Federal Drone Committee Faces ‘Kitty Hawk Moment’


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The body’s lone local government representative discusses filling the late San Francisco Mayor Ed Lee’s shoes and keeping pace with technology.

The Federal Aviation Administration’s recently rechartered Drone Advisory Committee convened for the first time this week and faces a “Kitty Hawk moment” when it comes to balancing innovation with regulation, Wade Troxell told Route Fifty after the meeting.

Troxell, the mayor of Fort Collins, Colorado, replaces San Francisco’s former Mayor Ed Lee, who passed away while in office in December, as the lone local elected official on the committee.

The committee, which met in Santa Clara, California on Tuesday, has been rechartered as part of the FAA, rather than a subgroup of the Radio Technical Commission for Aeronautics. Troxell points to that fact as a sign the federal government is taking rapid advances in unmanned aircraft systems, or UAS, seriously.

“A lot of it is getting the arms around, if you will, where drone technology is going,” Troxell said. “What you don’t want to do is overregulate and kill the promise of the technology.”

Police in Fort Collins already use drones to investigate accidents, as do firefighters to observe the size of wildfires. But in the latter instance, the firefighters already saw their drones grounded due to conflicts with other aircraft in the area.

Two out of three presentations Troxell heard during the DAC’s first meeting concerned safe integration plans for drones into airspace.

Lee’s legacy on the committee was the notion that drones turn every part of cities into airports, Troxell said.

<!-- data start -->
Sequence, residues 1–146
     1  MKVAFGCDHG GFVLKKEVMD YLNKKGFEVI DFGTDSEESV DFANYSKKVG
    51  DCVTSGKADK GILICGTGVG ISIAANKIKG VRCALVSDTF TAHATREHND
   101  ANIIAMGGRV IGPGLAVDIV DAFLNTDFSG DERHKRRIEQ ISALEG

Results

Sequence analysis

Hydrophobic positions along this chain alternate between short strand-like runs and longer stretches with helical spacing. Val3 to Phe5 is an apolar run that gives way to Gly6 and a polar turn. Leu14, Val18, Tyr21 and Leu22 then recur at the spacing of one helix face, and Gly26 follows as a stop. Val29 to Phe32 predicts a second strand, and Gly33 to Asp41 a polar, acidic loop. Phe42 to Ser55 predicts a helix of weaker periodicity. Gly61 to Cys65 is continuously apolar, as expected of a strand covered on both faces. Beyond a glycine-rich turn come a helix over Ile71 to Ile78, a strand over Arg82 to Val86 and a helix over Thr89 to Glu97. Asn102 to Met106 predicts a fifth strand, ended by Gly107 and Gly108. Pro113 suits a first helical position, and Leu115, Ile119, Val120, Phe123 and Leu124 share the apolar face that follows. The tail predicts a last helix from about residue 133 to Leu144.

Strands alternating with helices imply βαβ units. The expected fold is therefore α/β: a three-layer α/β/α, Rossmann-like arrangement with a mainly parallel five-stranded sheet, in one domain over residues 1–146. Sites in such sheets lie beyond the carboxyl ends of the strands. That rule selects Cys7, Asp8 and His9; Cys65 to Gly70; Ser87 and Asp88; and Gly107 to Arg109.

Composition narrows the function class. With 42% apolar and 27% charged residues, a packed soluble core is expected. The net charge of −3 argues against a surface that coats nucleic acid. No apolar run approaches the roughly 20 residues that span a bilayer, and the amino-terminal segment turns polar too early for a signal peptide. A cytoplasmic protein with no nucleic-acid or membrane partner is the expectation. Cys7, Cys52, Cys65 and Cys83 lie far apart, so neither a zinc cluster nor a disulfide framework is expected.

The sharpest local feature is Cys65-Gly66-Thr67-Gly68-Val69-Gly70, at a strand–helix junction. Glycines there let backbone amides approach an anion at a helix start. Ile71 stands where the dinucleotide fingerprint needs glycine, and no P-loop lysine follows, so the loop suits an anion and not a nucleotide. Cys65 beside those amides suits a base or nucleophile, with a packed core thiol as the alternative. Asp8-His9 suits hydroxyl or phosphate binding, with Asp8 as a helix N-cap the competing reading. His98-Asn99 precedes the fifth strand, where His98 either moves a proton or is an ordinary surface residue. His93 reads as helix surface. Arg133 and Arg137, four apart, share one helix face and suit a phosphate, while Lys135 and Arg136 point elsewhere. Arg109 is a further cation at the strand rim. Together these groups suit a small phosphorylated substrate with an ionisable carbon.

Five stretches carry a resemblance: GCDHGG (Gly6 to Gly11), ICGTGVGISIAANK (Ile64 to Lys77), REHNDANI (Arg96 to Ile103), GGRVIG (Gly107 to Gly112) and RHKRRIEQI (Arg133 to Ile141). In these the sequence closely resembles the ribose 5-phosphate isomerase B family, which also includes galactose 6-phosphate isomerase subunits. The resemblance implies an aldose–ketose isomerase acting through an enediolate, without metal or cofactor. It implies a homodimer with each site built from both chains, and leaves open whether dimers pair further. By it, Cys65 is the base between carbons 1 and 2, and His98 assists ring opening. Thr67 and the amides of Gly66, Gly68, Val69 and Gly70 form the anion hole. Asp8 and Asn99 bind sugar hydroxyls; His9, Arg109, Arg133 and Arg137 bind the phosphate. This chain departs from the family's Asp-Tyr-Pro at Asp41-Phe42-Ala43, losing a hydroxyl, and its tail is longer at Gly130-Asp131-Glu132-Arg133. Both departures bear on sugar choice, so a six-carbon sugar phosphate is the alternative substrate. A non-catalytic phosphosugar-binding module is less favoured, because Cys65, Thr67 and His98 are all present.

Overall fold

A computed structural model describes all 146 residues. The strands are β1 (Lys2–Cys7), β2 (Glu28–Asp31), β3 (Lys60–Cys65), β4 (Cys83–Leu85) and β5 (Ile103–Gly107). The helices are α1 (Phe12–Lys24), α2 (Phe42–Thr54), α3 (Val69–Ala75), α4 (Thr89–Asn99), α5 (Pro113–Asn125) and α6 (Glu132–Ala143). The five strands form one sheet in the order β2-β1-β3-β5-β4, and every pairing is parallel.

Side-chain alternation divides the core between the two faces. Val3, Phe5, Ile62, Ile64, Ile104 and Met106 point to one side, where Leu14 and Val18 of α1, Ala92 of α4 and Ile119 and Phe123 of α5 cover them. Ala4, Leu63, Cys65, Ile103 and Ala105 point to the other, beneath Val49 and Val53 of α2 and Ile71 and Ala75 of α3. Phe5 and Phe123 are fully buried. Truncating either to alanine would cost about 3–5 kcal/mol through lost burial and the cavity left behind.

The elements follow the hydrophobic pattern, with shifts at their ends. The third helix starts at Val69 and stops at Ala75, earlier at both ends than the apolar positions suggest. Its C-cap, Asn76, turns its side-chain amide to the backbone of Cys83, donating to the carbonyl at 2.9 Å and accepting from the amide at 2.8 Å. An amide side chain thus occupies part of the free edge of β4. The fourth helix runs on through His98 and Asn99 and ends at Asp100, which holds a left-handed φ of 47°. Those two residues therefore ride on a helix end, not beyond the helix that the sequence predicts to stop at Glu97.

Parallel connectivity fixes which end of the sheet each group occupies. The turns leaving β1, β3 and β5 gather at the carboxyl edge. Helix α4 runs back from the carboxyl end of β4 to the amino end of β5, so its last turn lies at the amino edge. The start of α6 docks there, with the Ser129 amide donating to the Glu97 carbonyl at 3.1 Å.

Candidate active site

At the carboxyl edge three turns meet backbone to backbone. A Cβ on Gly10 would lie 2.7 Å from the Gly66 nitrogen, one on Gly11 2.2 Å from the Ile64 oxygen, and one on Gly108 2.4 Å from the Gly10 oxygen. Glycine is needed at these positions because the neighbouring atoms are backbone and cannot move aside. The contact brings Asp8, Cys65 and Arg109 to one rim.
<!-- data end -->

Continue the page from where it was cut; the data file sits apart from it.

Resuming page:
The Building Services department in Fort Collins uses drones to certify construction work was done properly, prior to issuing certificates of occupancy. And the city, home to an international drone racing champion, is contemplating a “vertical park” with its UAS-savvy residents “competing at an elite level,” Troxell said.

Other signs of the times: 137 U.S. lives have been saved through drone use, and the FAA now sees more unmanned than manned aircraft registrations. But the first responder and economic benefits of drones can’t overshadow neighborhood privacy concerns, Troxell said.

Transportation Secretary Elaine Chao left several DAC positions open this time around, but tech companies like Google, Facebook and Amazon are all present and testing out different UAS applications.

“I think it’s very important there’s a local government place at the table,” Troxell said. “And I’m making my voice heard.”

Dave Nyczepir is a News Editor at Government Executive’s Route Fifty and is based in Washington, D.C.

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